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Article: Coronavirus Outbreak: Moisturize Dry Skin From Handwashing

Coronavirus outbreak dry skin
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Coronavirus Outbreak: Moisturize Dry Skin From Handwashing

COVID-19 is sweeping the planet, and we must do everything we can to protect the most vulnerable in our society from getting it.

While the recommendation is to wash hands frequently, this is causing severe, eczema-like dry skin on the hands of many people. 

Not only is this uncomfortable, but It's even causing fissures for some people.

Prevent dry skin from handwashing during the coronavirus outbreak

It's recommended to wash hands with soapy water for at least 30 seconds, including underneath the fingernails and in between fingers to help prevent the spread of COVID-19.

This should be done anytime you come into contact with people or objects in public places.

Should you wash your hands with antibacterial soap?

Regular soap is effective at killing coronavirus, but antibacterial soap isn’t necessary.

Antibacterial soap also increases the prevalence of multi-drug resistant bacteria (aka. superbugs), rendering even the most potent antibiotics useless.

It also has a negative effect on our skin microbiome, a colony of trillions of microorganisms. Altering our natural skin microbiota can in turn, worsen dry skin and cause irritation.

How to protect and nourish skin after handwashing

Have you come to realize that your hand cream just isn't cutting it? 

There's a lot of confusion and misinformation surrounding the topic of moisturizing. I know, this should be incredibly straightforward — but alas, leave it to humans to overcomplicate things.

Since handwashing with soap strips our skin of its natural oils – our skin will quickly convert to the Sahara desert if these important nutrients aren't replenished back into our hands.

While some lotions and creams can contain some pretty awesome ingredients like ceramides or hyaluronic acid, they're unlikely to provide the moisturization our skin needs while excessively washing our hands.


Lotions are typically made up of about 70-80% water, and only around 1-10% oil.

The issue is that oil is the main moisturizing part of most water-based formulas, as the epidermis (outer layer of skin) requires specific essential fatty acids in order to function properly.

To top it off, the minuscule amount of oils used in lotions are often inflammatory to our skin and proven to worsen dryness. These include ingredients like olive oil, avocado oil, and marula oil.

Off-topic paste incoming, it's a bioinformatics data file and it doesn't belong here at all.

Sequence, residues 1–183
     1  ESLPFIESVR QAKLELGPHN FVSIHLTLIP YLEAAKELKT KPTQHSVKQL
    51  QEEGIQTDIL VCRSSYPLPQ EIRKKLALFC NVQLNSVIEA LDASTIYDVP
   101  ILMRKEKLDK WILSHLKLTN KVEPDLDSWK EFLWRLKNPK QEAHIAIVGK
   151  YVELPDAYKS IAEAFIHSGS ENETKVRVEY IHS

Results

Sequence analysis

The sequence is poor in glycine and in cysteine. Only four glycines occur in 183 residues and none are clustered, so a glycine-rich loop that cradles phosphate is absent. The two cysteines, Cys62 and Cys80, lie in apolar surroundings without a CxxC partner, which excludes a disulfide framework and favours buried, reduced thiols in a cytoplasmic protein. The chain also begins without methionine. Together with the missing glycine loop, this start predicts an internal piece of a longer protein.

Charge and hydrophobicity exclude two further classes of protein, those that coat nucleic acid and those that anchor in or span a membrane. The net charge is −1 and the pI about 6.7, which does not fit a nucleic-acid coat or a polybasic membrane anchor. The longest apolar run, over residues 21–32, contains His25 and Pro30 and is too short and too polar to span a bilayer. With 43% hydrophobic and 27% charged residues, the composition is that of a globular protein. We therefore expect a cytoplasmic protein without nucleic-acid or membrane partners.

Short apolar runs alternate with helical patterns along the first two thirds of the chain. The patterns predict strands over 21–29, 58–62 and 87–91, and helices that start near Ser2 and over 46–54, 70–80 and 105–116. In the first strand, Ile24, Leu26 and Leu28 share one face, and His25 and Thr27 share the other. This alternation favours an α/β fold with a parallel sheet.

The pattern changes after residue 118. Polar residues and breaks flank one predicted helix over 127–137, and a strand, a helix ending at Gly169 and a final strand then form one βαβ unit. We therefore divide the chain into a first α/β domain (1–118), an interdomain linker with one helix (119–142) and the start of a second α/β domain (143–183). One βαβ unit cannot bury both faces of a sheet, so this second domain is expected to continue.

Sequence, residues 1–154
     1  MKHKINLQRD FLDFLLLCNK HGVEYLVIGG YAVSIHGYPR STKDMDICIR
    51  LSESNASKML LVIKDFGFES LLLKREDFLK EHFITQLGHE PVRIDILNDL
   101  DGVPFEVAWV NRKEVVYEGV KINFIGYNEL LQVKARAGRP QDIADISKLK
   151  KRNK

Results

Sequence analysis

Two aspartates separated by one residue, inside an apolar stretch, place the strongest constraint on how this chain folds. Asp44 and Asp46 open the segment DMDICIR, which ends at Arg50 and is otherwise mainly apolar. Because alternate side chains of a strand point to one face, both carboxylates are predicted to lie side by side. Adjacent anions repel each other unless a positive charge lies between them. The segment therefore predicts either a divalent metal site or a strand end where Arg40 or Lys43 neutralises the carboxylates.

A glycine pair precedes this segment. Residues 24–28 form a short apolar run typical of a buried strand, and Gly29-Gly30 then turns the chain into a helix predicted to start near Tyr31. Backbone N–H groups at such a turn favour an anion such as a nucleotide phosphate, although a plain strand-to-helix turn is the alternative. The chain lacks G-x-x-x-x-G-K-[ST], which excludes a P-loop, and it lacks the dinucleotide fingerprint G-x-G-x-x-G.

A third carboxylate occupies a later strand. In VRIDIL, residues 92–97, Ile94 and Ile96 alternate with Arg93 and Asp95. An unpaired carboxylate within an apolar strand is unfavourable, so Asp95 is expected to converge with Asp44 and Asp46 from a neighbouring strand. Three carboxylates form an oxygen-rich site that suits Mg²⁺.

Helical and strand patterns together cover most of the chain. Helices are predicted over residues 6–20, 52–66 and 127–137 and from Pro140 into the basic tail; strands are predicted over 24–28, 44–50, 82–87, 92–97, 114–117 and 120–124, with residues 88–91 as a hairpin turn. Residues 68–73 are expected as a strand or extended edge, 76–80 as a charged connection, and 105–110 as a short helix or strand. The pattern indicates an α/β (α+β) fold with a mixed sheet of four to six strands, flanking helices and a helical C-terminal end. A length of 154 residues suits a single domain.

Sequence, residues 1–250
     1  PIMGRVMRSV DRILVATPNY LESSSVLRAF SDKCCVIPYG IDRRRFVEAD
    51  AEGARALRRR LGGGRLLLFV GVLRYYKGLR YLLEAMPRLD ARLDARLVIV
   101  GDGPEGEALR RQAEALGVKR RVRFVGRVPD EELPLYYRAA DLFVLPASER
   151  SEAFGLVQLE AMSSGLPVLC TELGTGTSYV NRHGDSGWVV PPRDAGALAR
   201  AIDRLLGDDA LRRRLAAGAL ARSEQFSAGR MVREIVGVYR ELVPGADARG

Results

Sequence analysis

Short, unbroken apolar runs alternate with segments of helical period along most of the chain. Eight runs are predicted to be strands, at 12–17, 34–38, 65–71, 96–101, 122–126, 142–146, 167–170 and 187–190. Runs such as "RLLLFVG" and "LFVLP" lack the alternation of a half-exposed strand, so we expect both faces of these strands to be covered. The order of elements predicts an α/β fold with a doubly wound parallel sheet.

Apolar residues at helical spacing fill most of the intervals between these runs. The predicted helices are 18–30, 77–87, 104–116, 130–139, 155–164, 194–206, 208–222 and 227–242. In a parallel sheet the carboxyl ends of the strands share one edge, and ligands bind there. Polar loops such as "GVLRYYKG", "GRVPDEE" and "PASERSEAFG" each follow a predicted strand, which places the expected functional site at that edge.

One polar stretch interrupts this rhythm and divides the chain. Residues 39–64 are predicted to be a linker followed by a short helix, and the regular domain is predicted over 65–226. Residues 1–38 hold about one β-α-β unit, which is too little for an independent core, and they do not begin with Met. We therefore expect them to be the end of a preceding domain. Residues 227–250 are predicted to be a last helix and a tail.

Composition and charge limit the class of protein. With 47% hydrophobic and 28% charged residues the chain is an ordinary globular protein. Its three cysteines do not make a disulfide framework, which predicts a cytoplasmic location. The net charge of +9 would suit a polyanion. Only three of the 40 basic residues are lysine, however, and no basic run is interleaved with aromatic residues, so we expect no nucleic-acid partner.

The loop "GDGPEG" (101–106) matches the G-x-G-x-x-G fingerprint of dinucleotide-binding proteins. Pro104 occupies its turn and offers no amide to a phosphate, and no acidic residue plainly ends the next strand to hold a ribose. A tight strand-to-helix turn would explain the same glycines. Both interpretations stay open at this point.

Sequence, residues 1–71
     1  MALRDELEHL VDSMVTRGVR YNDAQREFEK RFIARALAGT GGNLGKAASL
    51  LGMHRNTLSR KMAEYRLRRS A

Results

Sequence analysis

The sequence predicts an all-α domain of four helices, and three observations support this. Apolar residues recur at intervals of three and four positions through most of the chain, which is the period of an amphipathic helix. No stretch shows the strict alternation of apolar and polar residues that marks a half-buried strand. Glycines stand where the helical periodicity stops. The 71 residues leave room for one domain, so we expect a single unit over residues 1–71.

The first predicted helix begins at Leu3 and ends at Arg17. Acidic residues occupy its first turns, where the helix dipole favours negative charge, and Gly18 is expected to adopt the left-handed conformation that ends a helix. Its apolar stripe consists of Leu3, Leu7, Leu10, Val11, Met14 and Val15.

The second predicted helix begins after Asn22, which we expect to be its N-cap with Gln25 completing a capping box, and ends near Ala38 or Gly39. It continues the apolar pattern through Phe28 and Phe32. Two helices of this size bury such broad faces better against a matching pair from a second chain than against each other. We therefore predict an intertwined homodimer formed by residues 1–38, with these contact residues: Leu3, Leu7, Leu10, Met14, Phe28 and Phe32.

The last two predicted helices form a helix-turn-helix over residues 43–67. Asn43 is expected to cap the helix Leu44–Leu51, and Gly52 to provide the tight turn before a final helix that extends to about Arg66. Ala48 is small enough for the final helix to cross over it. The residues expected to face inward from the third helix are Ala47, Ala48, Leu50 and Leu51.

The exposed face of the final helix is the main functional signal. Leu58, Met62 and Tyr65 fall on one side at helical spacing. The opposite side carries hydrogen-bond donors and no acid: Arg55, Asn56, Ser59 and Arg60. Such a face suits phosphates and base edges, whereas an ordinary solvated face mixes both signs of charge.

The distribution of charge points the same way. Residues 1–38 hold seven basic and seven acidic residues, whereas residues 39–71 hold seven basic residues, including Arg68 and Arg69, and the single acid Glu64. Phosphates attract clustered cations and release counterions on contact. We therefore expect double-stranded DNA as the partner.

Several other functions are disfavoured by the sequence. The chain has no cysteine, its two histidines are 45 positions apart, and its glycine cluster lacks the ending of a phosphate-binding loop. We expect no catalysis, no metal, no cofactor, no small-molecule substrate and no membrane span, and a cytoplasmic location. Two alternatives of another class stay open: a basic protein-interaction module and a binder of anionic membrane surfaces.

The answer to treating dry skin from coronavirus handwashing is by using topical oils, and I'll explain more about fatty acids below.

Oleic acid vs. linoleic acid for skin

Oils usually contain two fatty acids known as oleic acid and linoleic acid.

It's important to know the difference between the two in order to properly treat dry skin during the coronavirus outbreak. 

Why oleic acid is damaging to our skin

Remember the crappy oils I mentioned (for skin use specifically)? These are bad for skin because they're extremely high in oleic acid, also known as omega-9 fatty acid.

It's a non-essential fatty acid, meaning the body produces it naturally, unlike omega-3 and 6 essential fatty acids which are required through diet.

It's a known scientific fact that when used topically, oleic acid damages our skin's moisture barrier. Essentially, this means it makes our skin dry and keeps it from properly hydrating itself.

In fact, oleic acid is so annoying that it inserts itself (quite literally) into linoleic acid's role in the skin when It's lacking, leading to the disruption of our precious moisture barrier.

Over time, this will even worsen eczema and psoriasis.

So basically when you use hand creams, lotions, and even oil-based products, you could very well be worsening your already dry, overwashed hands.

Linoleic acid is critical for skin health

Our skin needs a fatty acid known as linoleic acid, which is critical for treating and preventing dry skin.

It works by reducing TEWL (trans-epidermal water loss) and increasing skin moisture.

Linoleic acid has been shown to be more effective than urea for treating eczema, a common treatment option.

Linoleic acid, along with alpha-linolenic acid (omega-3), are the only fatty acids our bodies can't produce naturally.

The best way to treat dry skin is by using essential fatty acids topically in the form of oils. 

I'm going to provide you the best solutions to your dry skin woes so you can ditch your anti-moisturizing products.

Natural oil moisturizer recommendations

The best fatty-acid rich oils include:

  1. Evening primrose oil
  2. Hemp seed oil (contains omega-3 and 6)
  3. Grapeseed oil
  4. Rosehip seed oil
  5. Chia oil (high in omega-3)

We also offer our Botanical Recovery Serum which is high in linoleic acid and omega-3 fatty acids, and infused with soothing herbs.

For a full list of oils high in linoleic acid, go here. See our list of inflammatory oils to avoid here.

I recommend applying oil to your hands after every time you wash them.

Natural soap recommendations

Since handwashing is necessary right now to prevent the spread of COVID-19, there are great natural (and palm oil-free) soap options that exist.

Here are some good choices:

  1. Friendly Soap
  2. Suma Soap

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